02 Jul

On the second day of my stay in Nyarugenge District, I passed by Kimisagara Youth Center to deliver donations from Mamba Club. The donations in question are copies of my booklet titled The Akagera Expedition.

While at the center, I participated in an interactive reading session with the beneficiaries of this tour's community outreach program. Through the aforementioned book, I took them on a virtual tour to the Akagera National Park.

From Kigali, we drove to the Eastern Province. After a coffee break in Kayonza, we proceeded to the southern edge of the park and checked into the state-of-the-art Akagera Transit Lodge.

Our first activity in Rwanda’s only Savannah national park was a hot air balloon flight, courtesy of Royal Balloon Rwanda. This experience of a lifetime was followed by an unforgettable landing ceremony, capped with bush breakfast.

Having crossed hot air ballooning off our bucket lists, we embarked on an exciting game drive, sponsored by Ikaze Rwanda Tours & Travel. Along the way, we saw a wide range of wild animals, including zebras, giraffes, elephants, impalas, warthogs and buffaloes.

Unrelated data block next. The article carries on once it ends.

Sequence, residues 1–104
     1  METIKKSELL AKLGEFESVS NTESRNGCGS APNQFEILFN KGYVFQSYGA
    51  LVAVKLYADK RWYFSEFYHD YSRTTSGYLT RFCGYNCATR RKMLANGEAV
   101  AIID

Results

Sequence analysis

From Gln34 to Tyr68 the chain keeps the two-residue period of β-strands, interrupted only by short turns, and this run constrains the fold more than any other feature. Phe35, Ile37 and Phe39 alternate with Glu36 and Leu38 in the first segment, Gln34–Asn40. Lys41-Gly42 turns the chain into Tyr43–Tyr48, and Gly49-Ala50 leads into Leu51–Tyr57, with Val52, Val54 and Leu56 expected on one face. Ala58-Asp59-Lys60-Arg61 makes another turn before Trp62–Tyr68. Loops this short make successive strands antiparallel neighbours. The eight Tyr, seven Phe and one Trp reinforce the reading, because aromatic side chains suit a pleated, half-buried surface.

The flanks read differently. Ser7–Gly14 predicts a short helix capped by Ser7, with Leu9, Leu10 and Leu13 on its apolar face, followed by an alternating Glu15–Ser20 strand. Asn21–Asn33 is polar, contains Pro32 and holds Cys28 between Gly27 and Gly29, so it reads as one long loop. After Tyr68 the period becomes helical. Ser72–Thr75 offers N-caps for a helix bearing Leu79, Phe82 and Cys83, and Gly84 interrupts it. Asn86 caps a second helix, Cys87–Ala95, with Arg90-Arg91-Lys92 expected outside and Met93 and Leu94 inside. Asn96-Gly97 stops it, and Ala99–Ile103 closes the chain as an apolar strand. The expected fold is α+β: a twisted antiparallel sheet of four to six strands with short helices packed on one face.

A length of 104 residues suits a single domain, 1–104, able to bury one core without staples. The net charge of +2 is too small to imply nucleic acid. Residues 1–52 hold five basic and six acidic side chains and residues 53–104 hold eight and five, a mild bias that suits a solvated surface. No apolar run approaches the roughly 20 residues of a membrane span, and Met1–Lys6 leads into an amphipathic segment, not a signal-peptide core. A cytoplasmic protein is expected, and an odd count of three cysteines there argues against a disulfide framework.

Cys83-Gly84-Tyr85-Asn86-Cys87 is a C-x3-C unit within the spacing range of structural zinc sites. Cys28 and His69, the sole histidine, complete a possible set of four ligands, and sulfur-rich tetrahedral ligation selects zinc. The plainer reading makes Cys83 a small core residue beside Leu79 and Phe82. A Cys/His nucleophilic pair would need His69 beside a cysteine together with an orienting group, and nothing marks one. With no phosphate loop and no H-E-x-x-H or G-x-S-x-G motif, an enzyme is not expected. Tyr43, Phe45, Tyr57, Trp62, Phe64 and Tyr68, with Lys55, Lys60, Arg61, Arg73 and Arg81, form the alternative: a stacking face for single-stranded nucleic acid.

We were amazed by the number of lakes found in the park. On the dock of Lake Ihema, we revisited the past and found out how the second-biggest lake in Rwanda acquired its name. Through the powerful lenses of our binoculars, we gazed at Nyirabiyoro Island and listened to the fascinating story of the man the island was named after.

During a bathroom break at Shakani Campsite, set up on the shore of Lake Shakani, we took a closer look at a score of hippopotami and learned one or two things about their distinctive characteristic features. Later on, we bypassed a number of lakes en route to Mihindi Campsite & Café.

After lunch, we explored the birding paradise surrounding the lake — home to hundreds of bird species. Finally, we spun around Kilala Plains looking for the lions. Unfortunately, our mission to track down the king of the jungle was unsuccessful. Before we exited the park, we took care of our thirsty throats inside the premises of Karenge Bush Camp.

This "reading tour" took place in Kimisagara Youth Center’s library. Yes, we had an adventure-filled day in the national park without leaving our chairs. As I always say, there is magic in the library.

After skimming through the book with the youngsters, I moderated an interesting discussion. The participants talked about the need to develop skill sets that would put them in a better position to utilize available resources. While concluding the session, each one of them expressed gratitude to Mamba Club for the donations.